That’s part of the reason she’s drawn to kinky stuff. If you do it right and respectfully, you can create little islands of satisfaction and safety in a messy, painful, careless world. But it’s so damn hard to do that – to find peace – in any context, kinky or otherwise.
It’s hard, Alison knows, because, if you really want to find the strongest part of you, the source of all your power, you have to let go of something. Maybe it’s the idea that, if you pretend that something doesn’t bother you, then it really, truly is irrelevant, however much the injustice stings. Maybe it’s the belief that someday you’ll be recognized as masterful and incisive, rather than remarkably articulate, but angry. Maybe it’s the notion that you’ve always got to be strong because your mum, your aunts, and your gram are watching, and you can’t let them down because that would be like letting down every woman who’s gone before you. Whatever it is, you’ve got to sacrifice something.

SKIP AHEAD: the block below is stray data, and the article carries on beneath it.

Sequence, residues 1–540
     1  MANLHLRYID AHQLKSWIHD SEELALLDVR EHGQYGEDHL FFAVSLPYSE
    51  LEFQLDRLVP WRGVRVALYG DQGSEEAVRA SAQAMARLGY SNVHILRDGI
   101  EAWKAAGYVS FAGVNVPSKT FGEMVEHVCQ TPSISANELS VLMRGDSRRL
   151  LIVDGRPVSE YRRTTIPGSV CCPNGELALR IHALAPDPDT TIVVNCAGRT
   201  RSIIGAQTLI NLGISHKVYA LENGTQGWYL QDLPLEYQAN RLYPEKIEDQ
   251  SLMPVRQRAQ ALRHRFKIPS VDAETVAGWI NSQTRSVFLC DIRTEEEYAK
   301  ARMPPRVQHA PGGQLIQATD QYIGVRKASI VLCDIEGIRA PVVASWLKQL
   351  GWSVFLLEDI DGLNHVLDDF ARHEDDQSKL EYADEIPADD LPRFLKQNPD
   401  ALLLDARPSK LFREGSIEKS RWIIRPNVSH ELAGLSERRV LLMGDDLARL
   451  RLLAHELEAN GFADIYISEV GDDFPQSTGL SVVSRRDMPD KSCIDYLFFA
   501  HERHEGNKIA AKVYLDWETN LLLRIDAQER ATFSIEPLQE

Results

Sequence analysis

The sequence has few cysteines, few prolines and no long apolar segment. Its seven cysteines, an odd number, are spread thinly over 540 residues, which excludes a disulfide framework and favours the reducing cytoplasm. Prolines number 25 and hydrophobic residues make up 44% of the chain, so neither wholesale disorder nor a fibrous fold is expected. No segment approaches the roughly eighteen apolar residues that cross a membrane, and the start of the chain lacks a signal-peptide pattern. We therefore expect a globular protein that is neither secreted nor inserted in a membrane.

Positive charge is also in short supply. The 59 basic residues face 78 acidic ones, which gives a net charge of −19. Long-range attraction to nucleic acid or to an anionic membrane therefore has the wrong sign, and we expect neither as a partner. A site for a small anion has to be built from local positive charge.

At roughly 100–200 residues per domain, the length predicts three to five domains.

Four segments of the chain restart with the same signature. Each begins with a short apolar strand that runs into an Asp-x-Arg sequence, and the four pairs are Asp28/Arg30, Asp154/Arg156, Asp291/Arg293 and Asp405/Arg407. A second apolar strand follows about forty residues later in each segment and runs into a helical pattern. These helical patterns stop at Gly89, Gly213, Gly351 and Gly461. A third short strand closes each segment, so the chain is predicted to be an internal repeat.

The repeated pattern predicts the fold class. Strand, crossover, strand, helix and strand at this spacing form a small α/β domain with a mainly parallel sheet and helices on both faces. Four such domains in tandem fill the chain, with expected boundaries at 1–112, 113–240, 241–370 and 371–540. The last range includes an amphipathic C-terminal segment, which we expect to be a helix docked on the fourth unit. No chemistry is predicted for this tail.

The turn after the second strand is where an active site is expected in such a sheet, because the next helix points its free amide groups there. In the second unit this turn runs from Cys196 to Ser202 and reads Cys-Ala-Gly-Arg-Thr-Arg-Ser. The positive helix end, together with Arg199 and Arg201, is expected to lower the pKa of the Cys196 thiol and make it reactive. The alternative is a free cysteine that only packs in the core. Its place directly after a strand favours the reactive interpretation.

She knows intellectually about the necessity of yielding [the illusion of] control, but she has been trained never to give anything up. She’s going to blame it on the words of war again, but English this time, not Latin. It’s a poem that her dad taught her, William Henley’s Invictus, and its last stanza especially is her ward against weakness, her spell for strength:
It matters not how strait the gate,
How charged with punishments the scroll:
I am the master mistress of my fate;
I am the captain of my soul.
Invictus, or, in Alison’s case, invicta for the feminine, is Latin for stalwart, enduring, and, above all, indomitable. Of course, none of those words have any application to her current state, as she’s on a spaceship, God knows how many light-years from home, curled up in the fetal position on her bed, after having been mind-fucked twice by aliens in about four weeks.
Hey I love your blog an your art an I was wondering what or who is the Shalka Doctor? I'm a huge whovian but I've never heard of him